|Publication number||US20030046071 A1|
|Application number||US 09/947,987|
|Publication date||Mar 6, 2003|
|Filing date||Sep 6, 2001|
|Priority date||Sep 6, 2001|
|Publication number||09947987, 947987, US 2003/0046071 A1, US 2003/046071 A1, US 20030046071 A1, US 20030046071A1, US 2003046071 A1, US 2003046071A1, US-A1-20030046071, US-A1-2003046071, US2003/0046071A1, US2003/046071A1, US20030046071 A1, US20030046071A1, US2003046071 A1, US2003046071A1|
|Original Assignee||International Business Machines Corporation|
|Export Citation||BiBTeX, EndNote, RefMan|
|Patent Citations (5), Referenced by (47), Classifications (5), Legal Events (1)|
|External Links: USPTO, USPTO Assignment, Espacenet|
 1. Technical Field
 This invention generally relates to computer systems, and more specifically relates to voice recognition in computer systems.
 2. Background Art
 Since the dawn of the computer age, computer systems have evolved into extremely sophisticated devices, and computer systems may be found in many different settings. One relatively recent advancement is voice recognition by computers. Voice recognition has been portrayed in a variety of science fiction television shows and movies, where a user simply talks to a computer to accomplish certain tasks. One common task that could be automated using voice recognition is the generation of a text document using a word processor.
 Several voice recognition systems exist that allow a user to enter text into a word processor by speaking into a microphone. Dragon Naturally Speaking is one known software package that provides voice recognition capability with popular word processors. When known voice recognition systems encounter a sound that does not correlate to a defined word or phrase, a visual indication is placed in the text document to indicate that something was not understood by the voice recognition system. The user must then go through the text file carefully, looking for visual indications of an incomplete transcription, and must try to remember the missing word(s) or guess the missing word(s) based on the surrounding context. The visual indication is then replaced with the appropriate text. In this manner an incomplete transcription of a speaker's words can be corrected until the transcription is complete and correct.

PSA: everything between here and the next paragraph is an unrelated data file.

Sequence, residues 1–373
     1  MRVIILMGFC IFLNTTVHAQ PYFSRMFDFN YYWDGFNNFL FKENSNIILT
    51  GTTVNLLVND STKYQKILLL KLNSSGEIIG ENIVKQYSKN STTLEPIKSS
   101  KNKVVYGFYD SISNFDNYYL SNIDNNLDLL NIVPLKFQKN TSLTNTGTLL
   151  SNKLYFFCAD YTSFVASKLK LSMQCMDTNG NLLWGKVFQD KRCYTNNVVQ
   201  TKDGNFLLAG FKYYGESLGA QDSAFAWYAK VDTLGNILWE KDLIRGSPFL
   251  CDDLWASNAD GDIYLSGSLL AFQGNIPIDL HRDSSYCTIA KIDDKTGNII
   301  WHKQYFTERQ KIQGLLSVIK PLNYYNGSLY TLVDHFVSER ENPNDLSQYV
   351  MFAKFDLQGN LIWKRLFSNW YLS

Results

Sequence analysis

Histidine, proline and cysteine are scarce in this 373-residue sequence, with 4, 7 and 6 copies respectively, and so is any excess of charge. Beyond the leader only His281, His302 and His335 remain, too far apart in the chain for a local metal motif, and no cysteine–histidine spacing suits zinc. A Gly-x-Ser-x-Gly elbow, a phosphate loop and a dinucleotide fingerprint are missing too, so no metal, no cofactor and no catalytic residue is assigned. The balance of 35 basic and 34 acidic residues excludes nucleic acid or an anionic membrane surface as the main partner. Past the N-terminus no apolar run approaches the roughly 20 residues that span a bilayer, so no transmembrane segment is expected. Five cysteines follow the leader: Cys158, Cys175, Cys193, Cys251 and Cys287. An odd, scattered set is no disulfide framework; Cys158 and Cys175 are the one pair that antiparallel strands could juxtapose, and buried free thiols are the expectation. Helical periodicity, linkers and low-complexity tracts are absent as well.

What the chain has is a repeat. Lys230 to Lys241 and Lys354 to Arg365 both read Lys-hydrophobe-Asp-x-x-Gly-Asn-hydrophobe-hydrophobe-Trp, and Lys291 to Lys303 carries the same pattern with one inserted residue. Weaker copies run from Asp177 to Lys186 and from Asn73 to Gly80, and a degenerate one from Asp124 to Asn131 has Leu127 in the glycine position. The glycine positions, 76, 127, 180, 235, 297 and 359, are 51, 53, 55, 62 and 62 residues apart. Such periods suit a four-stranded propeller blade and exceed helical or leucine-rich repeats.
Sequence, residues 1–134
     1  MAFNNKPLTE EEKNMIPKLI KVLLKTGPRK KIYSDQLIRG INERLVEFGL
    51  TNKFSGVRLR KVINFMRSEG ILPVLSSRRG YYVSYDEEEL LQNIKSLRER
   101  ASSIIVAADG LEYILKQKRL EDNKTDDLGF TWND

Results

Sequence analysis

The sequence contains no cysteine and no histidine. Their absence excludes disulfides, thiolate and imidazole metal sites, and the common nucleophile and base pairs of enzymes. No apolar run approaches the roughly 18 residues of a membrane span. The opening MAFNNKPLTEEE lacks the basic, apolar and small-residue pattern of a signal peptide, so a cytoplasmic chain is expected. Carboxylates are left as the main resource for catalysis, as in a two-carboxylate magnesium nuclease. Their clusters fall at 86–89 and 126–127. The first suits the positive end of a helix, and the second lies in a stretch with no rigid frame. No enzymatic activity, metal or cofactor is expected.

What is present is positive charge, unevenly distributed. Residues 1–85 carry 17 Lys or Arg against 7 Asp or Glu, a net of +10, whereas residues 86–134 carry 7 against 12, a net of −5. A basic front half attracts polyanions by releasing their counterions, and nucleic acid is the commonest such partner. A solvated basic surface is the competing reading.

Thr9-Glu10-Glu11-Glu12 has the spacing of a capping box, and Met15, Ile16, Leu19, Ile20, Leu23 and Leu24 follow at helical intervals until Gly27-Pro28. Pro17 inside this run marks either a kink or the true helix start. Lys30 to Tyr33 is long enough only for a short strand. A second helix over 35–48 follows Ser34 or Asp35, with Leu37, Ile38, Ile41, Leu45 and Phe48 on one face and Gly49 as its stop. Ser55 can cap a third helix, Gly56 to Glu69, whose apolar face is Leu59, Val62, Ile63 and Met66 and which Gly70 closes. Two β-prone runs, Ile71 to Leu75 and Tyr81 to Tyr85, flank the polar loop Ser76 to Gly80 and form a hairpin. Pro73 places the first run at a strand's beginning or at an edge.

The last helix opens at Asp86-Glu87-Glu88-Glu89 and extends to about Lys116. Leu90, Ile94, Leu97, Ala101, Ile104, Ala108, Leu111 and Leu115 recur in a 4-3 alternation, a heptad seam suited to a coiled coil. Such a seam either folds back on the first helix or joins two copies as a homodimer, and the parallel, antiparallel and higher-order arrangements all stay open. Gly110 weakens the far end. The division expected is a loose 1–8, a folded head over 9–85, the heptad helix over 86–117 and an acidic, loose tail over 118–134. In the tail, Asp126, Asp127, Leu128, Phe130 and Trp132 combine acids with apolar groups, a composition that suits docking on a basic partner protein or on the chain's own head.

In the prior art, the speaker must visually scan the displayed text file for indications of an incomplete transcription, and try to figure out what's missing. This process greatly inhibits the efficiency of generating documents using voice recognition. Without a voice recognition system that gives confidence to the speaker that no information will be lost, the usefulness of voice recognition systems will continue to be limited.
 According to the preferred embodiments, a voice recognition apparatus and method processes a voice audio stream. As sounds in the voice audio stream are identified that correspond to defined words, the voice recognition system writes the text for the words to an output file. If a sound is encountered that is not recognized as a defined word, a visual marker is placed in the output file to mark the location, and a corresponding audio clip is generated and correlated to the visual marker. When the output file is displayed, any sounds not recognized as defined words are represented by an icon that represents an audio clip. If the user cannot determine from the context what the missing word or phrase is, the user may click on the audio icon, which causes the stored audio clip to be played. In this manner a user can dictate into a voice recognition system with complete confidence that any unrecognized words or phrases will be preserved in their original audio format so the user can later listen and enter the missing information into the document. In a second embodiment, the voice recognition apparatus processes digital audio information and reduces the size of the digital audio information by replacing portions of the digital audio information with corresponding text, while leaving alone any portion that does not correspond to a defined word.
 The foregoing and other features and advantages of the invention will be apparent from the following more particular description of preferred embodiments of the invention, as illustrated in the accompanying drawings.
 The preferred embodiments of the present invention will hereinafter be described in conjunction with the appended drawings, where like designations denote like elements, and:
FIG. 1 is a block diagram of a prior art voice recognition system;
FIG. 2 is a block diagram showing sample dictated text;
FIG. 3 is a block diagram of a prior art wordprocessor that displays the output text file 140 generated by the voice recognition processor 120 in FIG. 1 for the dictated text in FIG. 2;
FIG. 4 is a prior art voice recognition method for generating a corresponding text file from a voice audio stream;
FIG. 5 is a block diagram of a voice recognition system in accordance with the preferred embodiments;
FIG. 6 is a block diagram of a wordprocessor in accordance with the preferred embodiments that displays the output file 540 generated by the voice recognition processor 520 in FIG. 5;
FIG. 7 is a voice recognition method in accordance with the preferred embodiments;
FIG. 8 is a block diagram of an apparatus in accordance with the preferred embodiments;